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After Supreme Court: “How We Answer Will Define Us For Generations”

Mike Klein

Georgia became the national battleground over charter public schools alternative authorization last month when the state Supreme Court ruled the three-year-old charter schools commission is unconstitutional.  So it was not surprising that there very pointed references to that decision Tuesday when the 2011 National Charters School Conference opened in Atlanta.

“Fifteen thousand students have been left in limbo by a dreadful decision from the Georgia Supreme Court,” said National Alliance for Public Charter Schools President Peter Groff.  “How we answer will define us for generations.”  Groff invoked the legacy of Dr. Martin Luther King, Jr. as he called for a “next generation of high quality schools fueled by technology.”

Moments earlier, and not entirely in jest, Georgia Charter Schools Association President Tony Roberts welcomed some 4,000 conference goers to “Georgia where anyone can grow up to be a state Supreme Court justice even if you cannot read the state Constitution.”

President Bill Clinton

Charter school educators have come from across the nation to discuss alternative authorization, digital learning applications, crisis message management, how to start and fund schools, learning accountability and literally dozens of other educationally relevant topics.

During a 45-minute address former President Bill Clinton told charter educators to “put our country back in the future business” after accepting the NAPCS inaugural Lifetime Achievement Award.  Clinton described the current “food fight” in most contemporary political dialogue.  Click here for additional coverage of the former President’s address.

Tuesday’s opening session included two of the charter schools world genuine superstars, New York City educator Eva Moskowitz and Newark, New Jersey Mayor Cory Booker.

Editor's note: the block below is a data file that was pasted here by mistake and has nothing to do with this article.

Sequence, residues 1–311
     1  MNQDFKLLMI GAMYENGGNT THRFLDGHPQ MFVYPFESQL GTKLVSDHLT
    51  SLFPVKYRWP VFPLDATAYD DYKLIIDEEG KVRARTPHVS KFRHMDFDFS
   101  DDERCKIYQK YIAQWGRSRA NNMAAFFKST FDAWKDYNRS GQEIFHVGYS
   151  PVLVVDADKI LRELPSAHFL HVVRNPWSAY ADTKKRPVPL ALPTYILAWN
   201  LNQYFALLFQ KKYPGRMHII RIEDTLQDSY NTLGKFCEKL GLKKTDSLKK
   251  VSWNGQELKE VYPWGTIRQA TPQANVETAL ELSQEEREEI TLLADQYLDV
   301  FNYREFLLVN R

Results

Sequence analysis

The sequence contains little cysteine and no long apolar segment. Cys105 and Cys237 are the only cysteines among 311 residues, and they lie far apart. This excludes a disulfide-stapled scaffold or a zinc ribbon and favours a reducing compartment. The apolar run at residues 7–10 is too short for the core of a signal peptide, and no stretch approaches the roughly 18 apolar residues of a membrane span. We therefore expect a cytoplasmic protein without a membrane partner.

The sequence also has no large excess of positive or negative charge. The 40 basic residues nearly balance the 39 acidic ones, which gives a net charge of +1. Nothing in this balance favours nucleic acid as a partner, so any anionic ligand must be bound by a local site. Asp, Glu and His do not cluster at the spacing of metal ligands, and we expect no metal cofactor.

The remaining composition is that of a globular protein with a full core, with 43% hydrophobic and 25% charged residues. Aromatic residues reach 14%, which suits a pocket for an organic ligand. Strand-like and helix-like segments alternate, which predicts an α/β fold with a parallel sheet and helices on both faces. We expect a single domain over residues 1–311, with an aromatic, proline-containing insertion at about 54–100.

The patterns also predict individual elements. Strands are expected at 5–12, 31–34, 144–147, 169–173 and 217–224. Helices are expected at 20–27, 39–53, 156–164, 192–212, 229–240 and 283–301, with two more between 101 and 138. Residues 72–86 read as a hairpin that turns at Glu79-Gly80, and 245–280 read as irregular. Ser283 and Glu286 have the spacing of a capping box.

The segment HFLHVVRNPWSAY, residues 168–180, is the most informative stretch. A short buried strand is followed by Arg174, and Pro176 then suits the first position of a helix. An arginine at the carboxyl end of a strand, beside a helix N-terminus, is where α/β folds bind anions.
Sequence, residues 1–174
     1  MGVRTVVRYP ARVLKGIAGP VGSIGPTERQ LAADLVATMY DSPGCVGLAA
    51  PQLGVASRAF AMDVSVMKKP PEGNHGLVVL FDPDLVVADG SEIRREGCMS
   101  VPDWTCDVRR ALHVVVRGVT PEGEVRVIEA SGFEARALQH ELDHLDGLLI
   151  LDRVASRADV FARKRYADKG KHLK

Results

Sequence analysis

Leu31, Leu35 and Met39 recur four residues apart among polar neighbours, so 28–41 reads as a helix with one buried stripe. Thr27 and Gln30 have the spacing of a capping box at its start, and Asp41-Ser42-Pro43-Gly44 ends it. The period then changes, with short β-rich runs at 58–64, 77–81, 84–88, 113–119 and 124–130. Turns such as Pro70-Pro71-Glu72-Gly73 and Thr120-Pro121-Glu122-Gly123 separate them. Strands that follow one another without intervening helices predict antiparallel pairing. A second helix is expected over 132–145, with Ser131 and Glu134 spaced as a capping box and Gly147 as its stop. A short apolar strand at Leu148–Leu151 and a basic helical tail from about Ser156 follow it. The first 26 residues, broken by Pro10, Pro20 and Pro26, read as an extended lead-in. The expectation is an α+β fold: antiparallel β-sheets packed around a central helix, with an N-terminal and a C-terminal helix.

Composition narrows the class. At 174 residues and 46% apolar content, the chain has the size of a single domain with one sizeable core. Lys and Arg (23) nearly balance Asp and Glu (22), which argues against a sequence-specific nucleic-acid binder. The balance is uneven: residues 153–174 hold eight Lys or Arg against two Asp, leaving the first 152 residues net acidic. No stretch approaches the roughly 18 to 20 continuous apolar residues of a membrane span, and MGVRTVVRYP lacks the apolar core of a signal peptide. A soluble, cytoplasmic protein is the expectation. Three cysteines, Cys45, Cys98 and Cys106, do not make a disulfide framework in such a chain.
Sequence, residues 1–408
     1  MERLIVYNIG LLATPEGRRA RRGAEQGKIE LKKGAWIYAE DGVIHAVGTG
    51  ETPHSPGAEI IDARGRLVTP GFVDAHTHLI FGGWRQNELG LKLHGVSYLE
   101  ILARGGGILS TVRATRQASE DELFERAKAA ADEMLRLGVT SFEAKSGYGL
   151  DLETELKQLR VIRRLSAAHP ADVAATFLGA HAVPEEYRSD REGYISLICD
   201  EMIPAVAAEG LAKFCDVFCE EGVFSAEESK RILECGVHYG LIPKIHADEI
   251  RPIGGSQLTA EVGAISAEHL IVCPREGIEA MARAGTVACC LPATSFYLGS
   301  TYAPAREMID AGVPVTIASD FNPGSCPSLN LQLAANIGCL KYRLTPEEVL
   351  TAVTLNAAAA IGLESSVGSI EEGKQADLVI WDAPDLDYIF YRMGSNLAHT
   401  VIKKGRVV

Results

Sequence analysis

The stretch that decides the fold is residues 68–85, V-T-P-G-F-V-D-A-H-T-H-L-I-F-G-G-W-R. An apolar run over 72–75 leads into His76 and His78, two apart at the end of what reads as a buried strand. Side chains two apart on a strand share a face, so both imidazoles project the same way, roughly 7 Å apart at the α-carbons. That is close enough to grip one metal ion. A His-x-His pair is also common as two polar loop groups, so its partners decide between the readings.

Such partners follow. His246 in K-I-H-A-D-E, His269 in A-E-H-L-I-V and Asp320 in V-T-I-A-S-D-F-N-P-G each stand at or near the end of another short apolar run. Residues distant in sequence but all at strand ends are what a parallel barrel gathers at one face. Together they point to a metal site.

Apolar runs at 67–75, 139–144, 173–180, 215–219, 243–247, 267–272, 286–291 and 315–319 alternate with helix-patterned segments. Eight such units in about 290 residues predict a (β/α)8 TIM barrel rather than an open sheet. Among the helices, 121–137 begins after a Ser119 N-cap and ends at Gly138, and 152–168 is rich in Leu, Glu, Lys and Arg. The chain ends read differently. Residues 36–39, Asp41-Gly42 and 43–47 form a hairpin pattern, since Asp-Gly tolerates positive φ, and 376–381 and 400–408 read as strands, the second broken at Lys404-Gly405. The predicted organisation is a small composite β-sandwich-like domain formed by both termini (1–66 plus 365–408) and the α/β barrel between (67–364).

“I understood a long time ago that schools and politics are inextricably linked,” said Moskowitz who opened the first Harlem Success Academy five years ago in New York City.  “Our schools are knocking the ball out of the park which now means we are considered a threat, not only to public schools, but to the political establishment.”

Eva Moskowitz, Harlem Success Academy

The Harlem Success Academy story was chronicled in two charter school movement films, “The Lottery” and “Waiting for Superman.”  Moskowitz encountered stiff opposition from the New York City teachers union and also some community groups.  Two years ago the New York Times cited Harlem Success Academy as #1 in math statewide among all 3,500 public schools.  Six more Success Academies have followed in just five years, with plans to open 40 more.

“We are tasked with building a better mousetrap, introducing innovation to a sector that has long resisted it,” Moskowitz said. “I believe we are on the cusp of a golden era in education.  I raise the question, what is possible for our children?  I don’t know but it is our job to find out.  We must innovate every day.  We must resist the temptation to do things the same way they have always been done and we must question our own perception of what is possible.”

Newark Mayor Cory Booker is well known for creating a partnership with Facebook founder Mark Zuckerberg who contributed $100 million to improve Newark student success and champion great teachers.  Booker is energy unleashed; his magnetism compels attention.

Newark Mayor Cory Booker

“We are in the most important fight for justice in generations,” Booker said.  “Audacity, audacity, always audacity.  We have underestimated the profound genius, the ability of our children.  We have become comfortable with failure and it is time for a wake-up call.  We are here to disturb the comfortable.  We were not born for mediocrity.  We were born to stand out.”

Booker issued fair warning to underperforming schools:  “We cannot accept mediocrity or failure in the charter movement.  I don’t care how a school came into existence.  I distinguish between schools of excellence, and I distinguish between schools that suck.  If that school happens to be a charter school then that school should either improve or move out of the way and let somebody else do the job.”